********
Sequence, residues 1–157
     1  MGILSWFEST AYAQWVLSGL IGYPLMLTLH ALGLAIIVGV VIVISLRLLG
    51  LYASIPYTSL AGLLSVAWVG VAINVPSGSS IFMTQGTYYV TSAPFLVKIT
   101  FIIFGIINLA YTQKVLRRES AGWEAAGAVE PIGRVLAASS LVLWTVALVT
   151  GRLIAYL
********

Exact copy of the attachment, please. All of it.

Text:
Sequence, residues 1–157
     1  MGILSWFEST AYAQWVLSGL IGYPLMLTLH ALGLAIIVGV VIVISLRLLG
    51  LYASIPYTSL AGLLSVAWVG VAINVPSGSS IFMTQGTYYV TSAPFLVKIT
   101  FIIFGIINLA YTQKVLRRES AGWEAAGAVE PIGRVLAASS LVLWTVALVT
   151  GRLIAYL